* Today I’m starting a new schedule where I’ll devote my afternoons (1 – 5 p.m.) to all things screenwriting.

    This rooftop shouting feels better than caffeine πŸ˜‰

    • j
      December 27, 2010 | 12:26 PM

      I’m also a strong believer in listening to what your soul wants. Yours is definitely singing to you. You go, Milli!

  2. Lois
    December 27, 2010 | 10:13 AM

    I couldn’t agree with you more! πŸ˜€

    And to get into the spirit of things, I’m announcing right here and now that I will begin working on my screenplay rewrite / edit today! I’ll begin by reading it through and taking notes. I’m done sitting around and twiddling my fingers. It’s time to work! πŸ˜€

    Thank you for this!

    • j
      December 27, 2010 | 12:28 PM

      YAY!!!!!!!!!!!!!!!!!!!!!!!!!! You just made my day. You should see my big grin, Lois! I think we’ll be amazed at where we can ride our forward momentum. *joins hands* πŸ˜‰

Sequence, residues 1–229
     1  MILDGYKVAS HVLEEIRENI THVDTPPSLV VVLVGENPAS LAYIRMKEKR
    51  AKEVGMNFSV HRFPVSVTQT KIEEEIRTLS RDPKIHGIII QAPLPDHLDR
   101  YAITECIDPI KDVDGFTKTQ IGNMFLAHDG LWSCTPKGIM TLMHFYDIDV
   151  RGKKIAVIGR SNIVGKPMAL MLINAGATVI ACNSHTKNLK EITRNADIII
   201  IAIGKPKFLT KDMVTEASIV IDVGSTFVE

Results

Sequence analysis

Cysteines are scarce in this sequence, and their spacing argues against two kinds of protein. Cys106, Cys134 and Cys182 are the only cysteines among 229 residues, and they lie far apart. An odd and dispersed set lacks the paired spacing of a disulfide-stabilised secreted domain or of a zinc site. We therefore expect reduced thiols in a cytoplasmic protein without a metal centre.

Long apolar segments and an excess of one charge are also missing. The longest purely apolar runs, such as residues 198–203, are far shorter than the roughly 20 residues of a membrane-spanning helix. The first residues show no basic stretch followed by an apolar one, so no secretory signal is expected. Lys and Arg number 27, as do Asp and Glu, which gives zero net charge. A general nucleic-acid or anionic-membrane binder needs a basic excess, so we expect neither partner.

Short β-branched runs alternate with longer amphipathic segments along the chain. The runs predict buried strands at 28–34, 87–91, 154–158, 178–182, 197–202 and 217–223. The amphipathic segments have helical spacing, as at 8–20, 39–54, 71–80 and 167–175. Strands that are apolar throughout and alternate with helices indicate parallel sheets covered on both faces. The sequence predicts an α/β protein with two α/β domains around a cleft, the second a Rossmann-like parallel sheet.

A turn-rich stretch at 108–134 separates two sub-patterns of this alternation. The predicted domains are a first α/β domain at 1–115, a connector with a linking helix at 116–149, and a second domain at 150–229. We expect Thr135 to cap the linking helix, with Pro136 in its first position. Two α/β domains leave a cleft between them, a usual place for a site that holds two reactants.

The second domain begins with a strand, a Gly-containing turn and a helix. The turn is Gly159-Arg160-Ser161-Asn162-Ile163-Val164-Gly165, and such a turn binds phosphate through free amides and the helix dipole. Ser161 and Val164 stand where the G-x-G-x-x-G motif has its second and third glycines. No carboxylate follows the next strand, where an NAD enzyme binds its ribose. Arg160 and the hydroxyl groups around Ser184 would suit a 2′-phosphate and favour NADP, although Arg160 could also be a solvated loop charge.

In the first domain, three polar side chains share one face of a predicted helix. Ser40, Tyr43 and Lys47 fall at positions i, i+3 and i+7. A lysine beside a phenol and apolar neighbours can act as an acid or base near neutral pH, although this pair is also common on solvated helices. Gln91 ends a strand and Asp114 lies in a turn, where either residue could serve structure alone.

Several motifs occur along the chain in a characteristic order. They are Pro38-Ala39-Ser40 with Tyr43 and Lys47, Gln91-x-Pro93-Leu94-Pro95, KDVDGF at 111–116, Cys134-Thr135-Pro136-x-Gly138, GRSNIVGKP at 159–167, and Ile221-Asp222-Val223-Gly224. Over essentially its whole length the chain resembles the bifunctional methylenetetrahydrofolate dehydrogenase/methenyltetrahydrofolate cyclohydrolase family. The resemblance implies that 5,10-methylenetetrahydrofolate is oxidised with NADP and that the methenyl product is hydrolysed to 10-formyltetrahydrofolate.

• @boonieschick
        Twitter: fearofwriting
        December 27, 2010 | 12:39 PM

        j ~ You said the big YAY! for both of us! I was so excited when I saw this comment from Lois, I just had to Tweet about it. *adds a hand to the pile* πŸ˜€

        • Lois
          December 27, 2010 | 4:50 PM

          Milli, I’m glad you’re still excited about my screenplay! πŸ˜€ My excitement over it has been on again off again, mainly because I’ve had so many other things I’ve been doing. Now I’m ready to make some headway with it. I’ve done my first read through, and tomorrow I’ll jump in and start editing! πŸ˜€

          • @boonieschick
            Twitter: fearofwriting
            December 27, 2010 | 5:06 PM

            Lois ~ Don’t forget about the book Your Screenplay Sucks! by William M. Akers. I found it invaluable while I was rewriting Ghost Train. (Click on my comment ID if you want to read my book review for it.) Best of luck and keep me updated on your progress!!

            • Lois
              December 27, 2010 | 7:53 PM

              Thanks, Milli. πŸ™‚ I have that book on my laptop. I read it in Kindle. I loved it too, and you can bet I’ll be referring to it when I edit my screenplay.

      • Lois
        December 27, 2010 | 4:49 PM